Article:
LibCwtch is our interface (API) library to Cwtch, which was started over 3 years ago as a Go language project. Since then we have started using Flutter and Dart to build our front end UI which meant we needed a more language agnostic interface to Cwtch so we created libCwtch, which is some wrapper functionality around Cwtch and it compiles to a C library that any language can access via FFI. The first language binding we made for libCwtch was Dart which is currently built into our cwtch-ui. At some point we’d like to find the time to break the Dart bindings out into a standalone Dart package that anyone can use to access libCwtch from Flutter/Dart.
Since starting work with Go 3 years ago our interest in working in Rust has been growing so it was the logical next language we would look at to create bindings for.
Welcome to Discreet Log! A fortnightly technical development blog to provide an in-depth look into the research, projects and tools that we work on at Open Privacy. For our 17th edition Erinn Atwater answers some questions about the new filesharing feature in Cwtch 1.3.
Today’s release of Cwtch 1.3 includes support for a new experimental feature: file sharing! Windows, Mac, Linux and Android users can enable the File Sharing experiment from the global settings panel. Files are sent peer-to-peer directly over Cwtch/tor connections. In this week’s Discreet Log, I thought I’d answer some questions about the finer points of how it all works.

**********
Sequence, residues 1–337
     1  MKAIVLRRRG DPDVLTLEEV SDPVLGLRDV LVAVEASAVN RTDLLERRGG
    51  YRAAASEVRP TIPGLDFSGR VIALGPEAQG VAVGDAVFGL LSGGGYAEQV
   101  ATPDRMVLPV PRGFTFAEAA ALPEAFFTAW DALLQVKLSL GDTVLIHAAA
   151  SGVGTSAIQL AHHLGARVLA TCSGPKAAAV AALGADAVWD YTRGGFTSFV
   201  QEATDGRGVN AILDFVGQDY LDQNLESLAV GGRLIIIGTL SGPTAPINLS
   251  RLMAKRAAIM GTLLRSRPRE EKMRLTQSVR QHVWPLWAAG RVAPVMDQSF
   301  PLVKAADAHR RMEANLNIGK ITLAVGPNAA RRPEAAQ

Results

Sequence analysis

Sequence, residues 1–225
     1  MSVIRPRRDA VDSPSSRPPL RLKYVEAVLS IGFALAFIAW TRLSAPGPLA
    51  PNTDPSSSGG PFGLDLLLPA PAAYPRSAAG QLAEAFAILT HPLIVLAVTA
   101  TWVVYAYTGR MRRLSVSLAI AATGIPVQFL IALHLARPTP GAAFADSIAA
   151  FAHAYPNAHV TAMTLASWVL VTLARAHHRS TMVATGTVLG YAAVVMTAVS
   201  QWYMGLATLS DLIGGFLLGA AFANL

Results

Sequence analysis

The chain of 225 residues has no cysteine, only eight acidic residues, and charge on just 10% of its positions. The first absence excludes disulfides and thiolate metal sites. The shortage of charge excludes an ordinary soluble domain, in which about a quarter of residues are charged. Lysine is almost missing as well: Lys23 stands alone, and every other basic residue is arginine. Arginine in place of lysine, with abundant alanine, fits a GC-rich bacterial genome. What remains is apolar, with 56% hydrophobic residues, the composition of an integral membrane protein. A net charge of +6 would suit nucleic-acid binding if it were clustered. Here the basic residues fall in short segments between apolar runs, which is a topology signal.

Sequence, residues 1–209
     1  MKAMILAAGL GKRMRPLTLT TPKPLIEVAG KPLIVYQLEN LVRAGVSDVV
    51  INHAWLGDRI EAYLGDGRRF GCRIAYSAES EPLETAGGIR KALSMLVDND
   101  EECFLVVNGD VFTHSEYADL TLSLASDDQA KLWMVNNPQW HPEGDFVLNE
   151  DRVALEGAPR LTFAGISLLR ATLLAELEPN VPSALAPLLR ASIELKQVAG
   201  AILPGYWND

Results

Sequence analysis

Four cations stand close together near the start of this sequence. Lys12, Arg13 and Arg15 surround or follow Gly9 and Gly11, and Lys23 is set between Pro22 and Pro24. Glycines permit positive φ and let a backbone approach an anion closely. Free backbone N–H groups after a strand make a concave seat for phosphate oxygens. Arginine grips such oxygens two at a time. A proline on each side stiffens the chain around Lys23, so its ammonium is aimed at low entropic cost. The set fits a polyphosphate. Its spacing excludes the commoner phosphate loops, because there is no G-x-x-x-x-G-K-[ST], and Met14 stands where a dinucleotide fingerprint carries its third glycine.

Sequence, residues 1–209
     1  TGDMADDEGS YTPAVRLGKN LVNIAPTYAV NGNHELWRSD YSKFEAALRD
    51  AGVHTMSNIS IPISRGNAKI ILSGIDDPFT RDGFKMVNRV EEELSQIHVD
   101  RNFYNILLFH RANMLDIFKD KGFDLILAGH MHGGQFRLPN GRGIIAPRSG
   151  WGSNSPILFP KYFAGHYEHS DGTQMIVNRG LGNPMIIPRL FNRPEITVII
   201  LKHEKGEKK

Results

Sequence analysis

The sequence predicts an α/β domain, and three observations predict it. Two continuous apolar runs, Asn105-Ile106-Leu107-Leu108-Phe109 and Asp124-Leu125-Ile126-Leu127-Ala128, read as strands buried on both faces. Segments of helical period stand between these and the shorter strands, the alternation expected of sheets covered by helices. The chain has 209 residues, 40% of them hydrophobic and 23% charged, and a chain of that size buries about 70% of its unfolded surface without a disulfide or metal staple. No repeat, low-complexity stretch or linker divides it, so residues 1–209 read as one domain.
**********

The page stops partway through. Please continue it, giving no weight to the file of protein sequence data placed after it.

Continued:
Three years ago, on February 11th 2018, we officially incorporated the Open Privacy Research Society. At that point in time I don’t think any of us had any idea how the following years would go.
2020 was difficult and challenging. The work outlined here is a fraction of what we had hoped to achieve. 2020 impacted our projects, our priorities, and our lives. That said, I think it represents some of the most important work we have done so far, and I am excited to push it as far as we can in 2021.
This work couldn’t exist without an active and amazing base of supporters, like you, who enable our mission - researching and developing privacy enhancing technologies focused on those people and communities that need them most.
To celebrate our 3rd year anniversary I would like to invite you to review some of the amazing work that you helped support in 2020 - and once again ask for your help and support to help us continue our mission in 2021.
Today we are releasing the first cut of Lockbox, an application for creating simple encrypted web forms!